It may take years to find all the Chibok schoolgirls kidnapped by Boko Haram on April 14, 2014, Defence Minister Brig.-Gen. Mansur Ali has said.
Boko Haram insurgents invaded the all-girls Government Secondary School in Chibok, Borno State and forcefully took away 276 pupils.
Three years after the abduction, the insurgents are still holding on to 195 of the girls, with the Federal Government expressing readiness to negotiate their freedom.
Speaking to VOA’s Hausa Service, monitored in Yola yesterday, Brig.-Gen Ali, said the military was committed to finding the girls and still combing Boko Haram hideouts in the Sambisa Forest.
He likened the troops’ inability to find the girls despite retaking most of the territories initially occupied by Boko Haram to the United States (U.S.) efforts to find Osama bin Laden after the invasion of Afghanistan.
The minister said: “It took the U.S. up to seven, eight, up to 10 years before they could get to bin Laden. We are continuing our campaign in the Sambisa Forest in all its nooks and corners.”
Some activists under the auspices of the Bring Back Our Girls (BBOG) group demanded more from the Federal Government to free the girls during the third anniversary of the girls’ abductions.
In his statement to mark the abduction’s anniversary, President Muhammed Buhari pledged that his administration will do everything possible to ensure the freedom of the girls.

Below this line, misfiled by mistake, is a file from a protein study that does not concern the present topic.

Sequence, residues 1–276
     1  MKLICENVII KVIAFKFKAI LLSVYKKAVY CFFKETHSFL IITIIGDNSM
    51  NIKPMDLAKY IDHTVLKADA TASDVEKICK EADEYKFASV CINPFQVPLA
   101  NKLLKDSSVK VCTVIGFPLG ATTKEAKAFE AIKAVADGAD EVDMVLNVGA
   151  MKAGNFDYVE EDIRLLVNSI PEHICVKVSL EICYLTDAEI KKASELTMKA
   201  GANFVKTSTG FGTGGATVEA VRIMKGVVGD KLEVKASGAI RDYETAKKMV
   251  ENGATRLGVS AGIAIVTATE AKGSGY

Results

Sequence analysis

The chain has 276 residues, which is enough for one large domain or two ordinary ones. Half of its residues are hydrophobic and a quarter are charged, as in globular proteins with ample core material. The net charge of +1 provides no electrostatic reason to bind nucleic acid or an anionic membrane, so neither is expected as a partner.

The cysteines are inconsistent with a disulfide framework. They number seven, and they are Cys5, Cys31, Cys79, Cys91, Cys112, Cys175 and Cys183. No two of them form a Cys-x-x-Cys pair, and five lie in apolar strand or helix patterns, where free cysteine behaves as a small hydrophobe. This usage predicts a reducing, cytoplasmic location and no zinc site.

In 2014, Boko Haram seized control of about 14 local government areas in Borno, Adamawa and Yobe states. They have since lost virtually all the territory under their hold to the Multi-National Joint Task Force (MNJTF).
But despite the success, the government’s inability to find the remaining 195 schoolgirls has overshadowed the military gains.
Reacting to the abduction on the VOA programme, an Islamic cleric, Nuru Khalid, a member of the influential Interfaith group raised to ensure peace between Muslims and Christians, said failure to find the girls would translate into a victory for Boko Haram.
“We can never allow the terrorists to win the war. If they got (away) free with those girls, then they have relatively won the war”, he said.
Also, a human rights’ lawyer, Bulama Bukar, said the government needs to address the psychological trauma suffered by the families of the missing girls and other victims of Boko Haram brutality.
“Married women have been made single again; kids have been orphaned; homeowners are without shelter; Nigerians have been turned into refugees in their own homeland,” he said.